Duke of Edinburgh
The Duke of Edinburgh’s Award Scheme is a voluntary, non-competitive programme of practical, cultural and adventurous activities, designed to support the personal and social development of young people aged 14-25, regardless of gender, background or ability. It offers an individual challenge and encourages young people to undertake exciting, constructive, challenging and enjoyable activities in their free time. All Awards must be completed by the participant’s 25th birthday. The scheme started in 1956 and its Founder and Patron is HRH the Duke of Edinburgh. The Award is widely recognised by employers and people involved in education. Some of the benefits to young people include developing or discovering a sense of achievement; new skills and interests; self-confidence and self-reliance; leadership skills and abilities; exciting opportunities; friendship; experience of teamwork, problem-solving and decision-making; increased motivation; enhanced self-esteem; development of communication skills; a network of local, national and international connections; enjoyment.
Activities in the Award scheme carry on throughout the year even in the winter months. Each Year group from 11 to 14 has 28 participants carrying out various tasks. Pupils achieve an Award by completing a personal programme of activities in four sections: Expedition, Volunteering, Physical and Skill (five if they’re going for Gold). They’ll find themselves helping people or the community, getting fitter, developing skills, going on an expedition and taking part in a residential activity (Gold only).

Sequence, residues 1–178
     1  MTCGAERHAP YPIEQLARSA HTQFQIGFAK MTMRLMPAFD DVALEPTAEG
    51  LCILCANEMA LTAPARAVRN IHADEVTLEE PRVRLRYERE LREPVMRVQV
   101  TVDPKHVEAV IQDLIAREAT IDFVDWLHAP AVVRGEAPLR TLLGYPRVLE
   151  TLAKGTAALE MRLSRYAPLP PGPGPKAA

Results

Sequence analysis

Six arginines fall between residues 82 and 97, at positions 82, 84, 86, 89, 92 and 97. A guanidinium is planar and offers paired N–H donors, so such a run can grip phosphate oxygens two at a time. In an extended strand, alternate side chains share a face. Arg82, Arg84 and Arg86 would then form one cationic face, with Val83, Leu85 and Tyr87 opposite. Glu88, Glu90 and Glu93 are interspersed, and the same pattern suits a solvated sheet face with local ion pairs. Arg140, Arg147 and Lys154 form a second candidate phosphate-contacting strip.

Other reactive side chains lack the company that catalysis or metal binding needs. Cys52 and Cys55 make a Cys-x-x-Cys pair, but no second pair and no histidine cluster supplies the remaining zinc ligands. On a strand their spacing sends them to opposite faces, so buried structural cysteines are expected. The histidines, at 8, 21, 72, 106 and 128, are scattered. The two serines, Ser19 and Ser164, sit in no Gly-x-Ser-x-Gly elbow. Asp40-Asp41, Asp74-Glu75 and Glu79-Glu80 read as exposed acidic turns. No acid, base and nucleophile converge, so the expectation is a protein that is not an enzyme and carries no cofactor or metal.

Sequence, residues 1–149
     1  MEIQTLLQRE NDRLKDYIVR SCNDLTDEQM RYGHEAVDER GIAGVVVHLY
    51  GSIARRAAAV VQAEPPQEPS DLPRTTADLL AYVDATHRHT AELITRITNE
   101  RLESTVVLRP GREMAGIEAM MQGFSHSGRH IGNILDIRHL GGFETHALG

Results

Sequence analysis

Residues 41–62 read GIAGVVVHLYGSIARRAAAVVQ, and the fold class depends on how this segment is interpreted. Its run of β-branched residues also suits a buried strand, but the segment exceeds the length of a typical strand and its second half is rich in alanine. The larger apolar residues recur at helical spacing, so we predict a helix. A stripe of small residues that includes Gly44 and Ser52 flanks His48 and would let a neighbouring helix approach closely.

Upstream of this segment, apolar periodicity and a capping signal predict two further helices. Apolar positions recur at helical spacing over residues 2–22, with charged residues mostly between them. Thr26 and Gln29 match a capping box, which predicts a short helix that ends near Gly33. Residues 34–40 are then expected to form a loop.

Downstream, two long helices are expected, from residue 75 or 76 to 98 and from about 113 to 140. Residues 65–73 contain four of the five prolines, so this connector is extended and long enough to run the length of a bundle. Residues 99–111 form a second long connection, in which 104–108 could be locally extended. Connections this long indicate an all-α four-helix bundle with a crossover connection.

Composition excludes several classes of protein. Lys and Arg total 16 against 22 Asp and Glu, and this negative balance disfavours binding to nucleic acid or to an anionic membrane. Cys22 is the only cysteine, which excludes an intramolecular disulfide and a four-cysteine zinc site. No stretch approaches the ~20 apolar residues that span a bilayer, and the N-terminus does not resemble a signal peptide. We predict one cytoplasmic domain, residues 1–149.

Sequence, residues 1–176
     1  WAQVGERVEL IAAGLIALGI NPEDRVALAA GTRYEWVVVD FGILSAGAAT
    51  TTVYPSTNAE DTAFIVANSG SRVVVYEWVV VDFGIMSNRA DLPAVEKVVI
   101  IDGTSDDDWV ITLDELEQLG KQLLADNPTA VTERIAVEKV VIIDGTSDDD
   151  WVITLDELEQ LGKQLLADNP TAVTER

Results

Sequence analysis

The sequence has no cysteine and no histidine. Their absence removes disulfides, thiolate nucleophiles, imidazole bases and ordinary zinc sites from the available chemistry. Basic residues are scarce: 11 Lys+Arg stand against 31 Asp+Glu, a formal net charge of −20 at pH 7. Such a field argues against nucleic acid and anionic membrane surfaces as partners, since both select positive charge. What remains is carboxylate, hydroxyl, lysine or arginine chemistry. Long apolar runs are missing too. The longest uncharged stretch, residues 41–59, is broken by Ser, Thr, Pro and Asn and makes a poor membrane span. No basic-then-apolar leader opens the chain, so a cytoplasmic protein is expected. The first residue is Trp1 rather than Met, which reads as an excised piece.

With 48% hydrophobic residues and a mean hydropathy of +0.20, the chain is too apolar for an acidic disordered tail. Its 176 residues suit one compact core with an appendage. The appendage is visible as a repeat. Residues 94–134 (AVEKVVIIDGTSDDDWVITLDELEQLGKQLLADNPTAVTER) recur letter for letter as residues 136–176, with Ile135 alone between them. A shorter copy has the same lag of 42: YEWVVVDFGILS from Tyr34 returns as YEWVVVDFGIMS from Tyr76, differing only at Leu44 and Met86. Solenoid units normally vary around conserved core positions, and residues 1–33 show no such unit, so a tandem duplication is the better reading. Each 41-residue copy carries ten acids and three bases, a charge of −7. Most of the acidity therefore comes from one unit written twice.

This year we did our usual Silver ventures into the Mourne Mountains that included climbing some peaks and not just trailing around the valleys! Pupils enjoyed the first experience of wild camping and certainly relished in the task of cooking their own group dinner on a stove!
At Easter we ventured into Scotland for our Gold practice. We are currently exploring the area around the Lowther Hills which is both challenging and rather on the chilly side even at Easter!
At the end of June, while everyone was breathing a sigh of relief after the exams, we set off on our annual expedition to the Lake District. As usual we did our acclimatisation and training walks to Watendlath and Ambleside and visited the Castlerigg Stone Circle. All the groups were exceptionally strong and although the routes were very challenging, everyone coped extremely well in the beautiful surroundings of the Lake District even when interrupted by the odd RAF jet!